Gustar can be a confusing verb for English speakers learning Spanish. That's not because gustar, which often is used to translate English sentences using the verb "to like," is particularly unusual. To Spanish speakers it is just another verb. But it is used differently than the English verb it often stands for and is sometimes considered defective.
If you're a beginner, chances are most of the Spanish sentences you've been using as examples are ones that follow roughly the same word order as we use in English, with the verb following the subject. But Spanish also frequently places the subject after the verb, and that is usually true with gustar. Here are some examples of gustar in action:
- Me gusta el coche. I like the car.
- Nos gustan los coches. We like the cars.
- Le gustan los coches. He/she likes the cars.
As you can see, the sentences aren't quite what you might expect. Instead of following the form "person who likes + verb + the object liked," they follow the form "indirect-object pronoun representing the person who likes + verb + the object liked." In these sentences, the object liked is the subject in Spanish.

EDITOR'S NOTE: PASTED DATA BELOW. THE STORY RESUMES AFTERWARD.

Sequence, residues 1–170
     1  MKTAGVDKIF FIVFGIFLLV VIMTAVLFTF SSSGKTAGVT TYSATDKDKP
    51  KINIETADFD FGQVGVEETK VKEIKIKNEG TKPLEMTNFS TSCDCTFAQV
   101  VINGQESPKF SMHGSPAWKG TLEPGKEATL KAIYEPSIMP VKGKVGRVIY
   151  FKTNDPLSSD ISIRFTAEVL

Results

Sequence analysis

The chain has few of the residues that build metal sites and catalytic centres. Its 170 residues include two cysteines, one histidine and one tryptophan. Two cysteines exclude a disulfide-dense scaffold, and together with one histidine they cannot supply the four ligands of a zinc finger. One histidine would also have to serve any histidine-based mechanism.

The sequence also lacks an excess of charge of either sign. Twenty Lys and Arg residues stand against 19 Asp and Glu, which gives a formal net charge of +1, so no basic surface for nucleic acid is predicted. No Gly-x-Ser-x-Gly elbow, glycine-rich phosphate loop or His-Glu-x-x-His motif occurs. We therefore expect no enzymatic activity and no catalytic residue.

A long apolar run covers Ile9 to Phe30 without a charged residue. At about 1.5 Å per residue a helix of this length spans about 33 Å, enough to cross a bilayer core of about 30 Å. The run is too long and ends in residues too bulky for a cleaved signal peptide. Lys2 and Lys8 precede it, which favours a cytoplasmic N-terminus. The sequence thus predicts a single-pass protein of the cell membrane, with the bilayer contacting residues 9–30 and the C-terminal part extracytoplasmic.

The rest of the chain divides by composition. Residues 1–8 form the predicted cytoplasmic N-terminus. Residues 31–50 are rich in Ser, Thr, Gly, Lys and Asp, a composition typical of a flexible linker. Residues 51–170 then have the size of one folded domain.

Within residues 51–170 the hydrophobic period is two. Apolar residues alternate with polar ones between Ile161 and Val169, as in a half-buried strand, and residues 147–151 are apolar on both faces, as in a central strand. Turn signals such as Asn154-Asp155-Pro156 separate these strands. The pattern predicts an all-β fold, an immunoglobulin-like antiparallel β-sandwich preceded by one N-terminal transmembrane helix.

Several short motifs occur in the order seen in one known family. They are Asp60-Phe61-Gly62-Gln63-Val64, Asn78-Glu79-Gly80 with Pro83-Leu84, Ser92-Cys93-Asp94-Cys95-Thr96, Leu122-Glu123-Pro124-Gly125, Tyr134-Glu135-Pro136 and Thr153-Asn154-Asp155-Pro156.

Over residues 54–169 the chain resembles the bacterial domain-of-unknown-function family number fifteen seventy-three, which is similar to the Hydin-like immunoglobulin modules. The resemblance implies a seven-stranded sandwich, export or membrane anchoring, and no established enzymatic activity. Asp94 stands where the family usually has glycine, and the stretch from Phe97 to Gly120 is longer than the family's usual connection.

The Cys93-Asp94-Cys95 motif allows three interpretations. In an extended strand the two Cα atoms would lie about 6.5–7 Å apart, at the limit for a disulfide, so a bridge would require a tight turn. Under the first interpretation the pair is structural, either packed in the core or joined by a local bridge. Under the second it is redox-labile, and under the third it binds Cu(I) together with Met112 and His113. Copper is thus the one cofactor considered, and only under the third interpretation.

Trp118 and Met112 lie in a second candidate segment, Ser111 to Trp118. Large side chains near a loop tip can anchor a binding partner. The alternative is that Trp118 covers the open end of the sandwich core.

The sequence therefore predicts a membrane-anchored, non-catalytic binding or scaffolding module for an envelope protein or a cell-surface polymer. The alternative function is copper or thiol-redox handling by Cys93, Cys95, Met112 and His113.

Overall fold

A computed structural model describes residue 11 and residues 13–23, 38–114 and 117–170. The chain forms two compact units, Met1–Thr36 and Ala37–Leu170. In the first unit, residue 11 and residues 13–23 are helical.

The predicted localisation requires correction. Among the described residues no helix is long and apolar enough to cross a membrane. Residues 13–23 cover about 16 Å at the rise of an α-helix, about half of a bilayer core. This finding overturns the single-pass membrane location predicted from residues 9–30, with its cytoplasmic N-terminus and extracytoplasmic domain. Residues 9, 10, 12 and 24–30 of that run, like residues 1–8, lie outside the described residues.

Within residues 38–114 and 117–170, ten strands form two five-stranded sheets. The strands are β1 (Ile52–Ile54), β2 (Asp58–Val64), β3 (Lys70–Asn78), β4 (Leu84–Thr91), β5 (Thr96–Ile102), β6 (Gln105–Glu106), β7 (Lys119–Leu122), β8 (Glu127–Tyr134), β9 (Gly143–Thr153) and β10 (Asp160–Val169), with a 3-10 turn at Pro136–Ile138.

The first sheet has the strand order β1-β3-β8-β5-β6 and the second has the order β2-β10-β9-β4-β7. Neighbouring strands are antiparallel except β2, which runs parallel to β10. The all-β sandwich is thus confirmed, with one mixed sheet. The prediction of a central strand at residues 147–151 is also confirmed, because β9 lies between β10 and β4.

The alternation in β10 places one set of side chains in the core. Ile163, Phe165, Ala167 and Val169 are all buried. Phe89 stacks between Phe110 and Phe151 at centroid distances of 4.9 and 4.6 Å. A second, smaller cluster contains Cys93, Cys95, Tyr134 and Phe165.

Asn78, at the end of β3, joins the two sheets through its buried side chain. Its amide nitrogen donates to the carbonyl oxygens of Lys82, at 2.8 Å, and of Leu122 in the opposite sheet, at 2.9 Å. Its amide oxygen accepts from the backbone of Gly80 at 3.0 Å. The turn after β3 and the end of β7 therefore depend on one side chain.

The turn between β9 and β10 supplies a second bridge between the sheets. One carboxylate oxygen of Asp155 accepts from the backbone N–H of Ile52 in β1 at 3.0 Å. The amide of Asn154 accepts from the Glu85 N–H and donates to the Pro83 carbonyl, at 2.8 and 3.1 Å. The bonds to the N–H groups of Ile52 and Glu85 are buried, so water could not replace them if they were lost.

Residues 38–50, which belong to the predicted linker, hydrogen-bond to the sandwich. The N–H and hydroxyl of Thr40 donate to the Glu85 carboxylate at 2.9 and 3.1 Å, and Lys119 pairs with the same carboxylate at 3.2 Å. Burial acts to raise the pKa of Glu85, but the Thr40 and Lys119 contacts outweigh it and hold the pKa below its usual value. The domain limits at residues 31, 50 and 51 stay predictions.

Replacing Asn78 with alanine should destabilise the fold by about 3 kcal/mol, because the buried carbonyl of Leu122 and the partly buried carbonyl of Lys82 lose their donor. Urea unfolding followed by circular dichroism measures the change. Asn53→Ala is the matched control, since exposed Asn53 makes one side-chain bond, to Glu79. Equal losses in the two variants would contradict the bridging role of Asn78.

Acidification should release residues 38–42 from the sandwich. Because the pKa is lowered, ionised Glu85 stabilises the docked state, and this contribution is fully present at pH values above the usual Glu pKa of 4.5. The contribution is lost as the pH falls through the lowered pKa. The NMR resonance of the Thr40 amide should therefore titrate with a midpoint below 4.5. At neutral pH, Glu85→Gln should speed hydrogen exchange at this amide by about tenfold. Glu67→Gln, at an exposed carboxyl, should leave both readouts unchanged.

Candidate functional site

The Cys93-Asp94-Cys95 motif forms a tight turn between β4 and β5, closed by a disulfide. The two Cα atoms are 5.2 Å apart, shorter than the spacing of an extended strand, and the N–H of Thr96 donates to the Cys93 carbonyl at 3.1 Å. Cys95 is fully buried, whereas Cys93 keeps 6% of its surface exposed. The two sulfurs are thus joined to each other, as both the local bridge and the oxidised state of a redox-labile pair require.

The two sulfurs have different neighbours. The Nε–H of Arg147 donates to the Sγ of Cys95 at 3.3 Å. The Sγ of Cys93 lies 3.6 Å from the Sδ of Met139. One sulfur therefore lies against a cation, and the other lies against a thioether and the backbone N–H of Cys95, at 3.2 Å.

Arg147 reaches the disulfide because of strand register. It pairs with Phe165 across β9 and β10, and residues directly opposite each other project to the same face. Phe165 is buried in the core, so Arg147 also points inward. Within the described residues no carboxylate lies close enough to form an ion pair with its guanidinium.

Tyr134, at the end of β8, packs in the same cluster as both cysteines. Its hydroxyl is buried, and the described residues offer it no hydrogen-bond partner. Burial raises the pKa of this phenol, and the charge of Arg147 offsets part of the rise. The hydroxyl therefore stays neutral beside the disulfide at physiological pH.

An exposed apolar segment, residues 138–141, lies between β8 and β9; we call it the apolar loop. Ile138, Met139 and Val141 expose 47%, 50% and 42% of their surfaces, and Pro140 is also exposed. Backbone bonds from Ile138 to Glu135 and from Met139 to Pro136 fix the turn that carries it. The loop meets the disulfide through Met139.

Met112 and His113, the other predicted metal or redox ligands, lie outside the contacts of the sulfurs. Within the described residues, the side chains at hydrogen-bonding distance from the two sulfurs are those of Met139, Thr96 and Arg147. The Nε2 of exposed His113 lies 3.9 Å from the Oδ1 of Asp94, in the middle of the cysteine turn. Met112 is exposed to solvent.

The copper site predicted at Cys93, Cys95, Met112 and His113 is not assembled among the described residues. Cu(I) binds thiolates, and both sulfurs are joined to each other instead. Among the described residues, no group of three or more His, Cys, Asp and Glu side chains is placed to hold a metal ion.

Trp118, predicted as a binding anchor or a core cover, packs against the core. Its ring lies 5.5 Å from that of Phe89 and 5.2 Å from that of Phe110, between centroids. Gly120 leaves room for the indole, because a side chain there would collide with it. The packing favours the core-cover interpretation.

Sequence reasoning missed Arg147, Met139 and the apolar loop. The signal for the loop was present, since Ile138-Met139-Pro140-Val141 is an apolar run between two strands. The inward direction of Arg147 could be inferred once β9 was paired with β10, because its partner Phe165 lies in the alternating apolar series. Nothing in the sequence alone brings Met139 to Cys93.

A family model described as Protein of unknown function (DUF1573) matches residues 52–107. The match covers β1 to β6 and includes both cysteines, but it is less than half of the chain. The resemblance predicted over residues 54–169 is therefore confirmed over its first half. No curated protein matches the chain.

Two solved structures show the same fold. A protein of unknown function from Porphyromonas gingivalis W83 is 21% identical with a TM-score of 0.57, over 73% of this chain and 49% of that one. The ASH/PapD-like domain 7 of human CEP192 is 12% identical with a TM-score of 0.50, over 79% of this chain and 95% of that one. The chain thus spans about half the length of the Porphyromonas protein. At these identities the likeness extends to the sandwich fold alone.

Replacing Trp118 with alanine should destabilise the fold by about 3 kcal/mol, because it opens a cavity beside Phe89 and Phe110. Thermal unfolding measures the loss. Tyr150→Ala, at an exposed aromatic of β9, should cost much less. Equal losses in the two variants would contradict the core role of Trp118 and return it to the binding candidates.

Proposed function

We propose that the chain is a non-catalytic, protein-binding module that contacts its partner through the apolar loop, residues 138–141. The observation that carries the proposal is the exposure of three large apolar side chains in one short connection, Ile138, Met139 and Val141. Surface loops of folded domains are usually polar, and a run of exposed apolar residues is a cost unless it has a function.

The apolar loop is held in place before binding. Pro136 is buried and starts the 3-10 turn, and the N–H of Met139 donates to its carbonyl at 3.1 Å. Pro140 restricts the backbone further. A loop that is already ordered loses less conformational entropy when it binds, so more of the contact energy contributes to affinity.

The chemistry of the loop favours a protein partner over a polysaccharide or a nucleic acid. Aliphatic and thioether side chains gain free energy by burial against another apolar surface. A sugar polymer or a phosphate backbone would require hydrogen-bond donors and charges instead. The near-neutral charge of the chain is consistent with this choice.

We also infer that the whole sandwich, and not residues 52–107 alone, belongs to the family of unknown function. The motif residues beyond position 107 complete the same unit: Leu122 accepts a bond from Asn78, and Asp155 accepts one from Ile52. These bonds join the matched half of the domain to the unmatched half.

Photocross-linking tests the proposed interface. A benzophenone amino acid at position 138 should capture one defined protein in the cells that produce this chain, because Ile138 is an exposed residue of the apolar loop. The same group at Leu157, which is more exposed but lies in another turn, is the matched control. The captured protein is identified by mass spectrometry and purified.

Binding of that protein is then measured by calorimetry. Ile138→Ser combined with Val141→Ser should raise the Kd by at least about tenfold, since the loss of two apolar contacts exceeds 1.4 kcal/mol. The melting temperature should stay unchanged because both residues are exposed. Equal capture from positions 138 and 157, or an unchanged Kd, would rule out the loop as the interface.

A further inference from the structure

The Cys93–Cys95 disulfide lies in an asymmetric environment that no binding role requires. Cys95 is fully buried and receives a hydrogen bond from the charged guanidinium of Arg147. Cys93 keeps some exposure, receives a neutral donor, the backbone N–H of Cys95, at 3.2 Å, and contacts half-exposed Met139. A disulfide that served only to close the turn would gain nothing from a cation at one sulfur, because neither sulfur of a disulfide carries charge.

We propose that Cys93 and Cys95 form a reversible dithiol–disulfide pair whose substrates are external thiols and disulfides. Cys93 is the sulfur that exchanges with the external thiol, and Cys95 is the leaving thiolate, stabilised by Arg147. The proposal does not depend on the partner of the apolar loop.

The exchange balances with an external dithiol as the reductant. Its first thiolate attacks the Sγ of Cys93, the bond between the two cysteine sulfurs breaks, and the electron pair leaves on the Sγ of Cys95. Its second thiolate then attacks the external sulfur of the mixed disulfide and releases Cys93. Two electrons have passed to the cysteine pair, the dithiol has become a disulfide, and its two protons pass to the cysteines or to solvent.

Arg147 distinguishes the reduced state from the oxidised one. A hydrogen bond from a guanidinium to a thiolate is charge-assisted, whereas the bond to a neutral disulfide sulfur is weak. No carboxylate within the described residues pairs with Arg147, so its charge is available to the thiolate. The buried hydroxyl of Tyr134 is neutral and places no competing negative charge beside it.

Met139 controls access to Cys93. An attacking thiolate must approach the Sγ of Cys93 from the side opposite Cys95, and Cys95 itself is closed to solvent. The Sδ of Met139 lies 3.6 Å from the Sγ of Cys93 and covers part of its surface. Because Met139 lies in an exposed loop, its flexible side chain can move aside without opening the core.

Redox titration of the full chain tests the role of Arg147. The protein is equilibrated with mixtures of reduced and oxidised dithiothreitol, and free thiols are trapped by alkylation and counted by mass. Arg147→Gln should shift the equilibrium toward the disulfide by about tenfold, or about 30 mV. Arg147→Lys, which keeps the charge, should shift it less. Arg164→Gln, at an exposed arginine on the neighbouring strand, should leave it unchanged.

The indirect-object pronouns are me, te, le, nos, os and les.
If this seems confusing, here's an approach that might help: Instead of thinking of gustar as meaning "to like," it is both more accurate and makes more sense in this sentence structure to think of it as meaning "to be pleasing." When we say, "I like the car," the meaning is much the same as saying, "the car is pleasing to me." In plural form, it becomes "the cars are pleasing to me," with a plural verb. Note, then, the differences in the common and literal translations below (the common translation is listed first, followed by the literal translation):
- Me gusta el coche. I like the car. The car is pleasing to me.
- Nos gustan los coches. We like the cars. The cars are pleasing to us.
- Le gustan las camionetas. He/she likes the pickups. The pickups are pleasing to him/her.
When the pronoun le or les is used, as in the third example, the context might not always make clear who is the person doing the liking. In that case, you can add the prepositional phrase "a + the person liking" as shown below at the beginning of the sentence (or less commonly at the end of the sentence). Note that the indirect-object pronoun cannot be omitted; the prepositional phrase clarifies the indirect-object pronoun rather than replacing it.
- A Carlos le gusta el coche. Carlos likes the car.
- A María le gustan las camionetas. María likes the pickups.
- ¿A ustedes les gusta el coche? Do you (plural) like the car?
Gustar isn't the only Spanish verb used this way. As you become familiar with Spanish, you will come across at least a dozen other verbs that are used in the same manner. A few sentences using such verbs are shown below to help familiarize you with the concept:
- Me encantan las fresas. I love strawberries. The strawberries enchant me.
- Le faltan dos dólares. He is two dollars short. Two dollars are lacking to him.
- Me duele la cabeza. My head aches. The head is causing me pain.
- A ella le interesan los deportes. She is interested in sports. Sports interest her.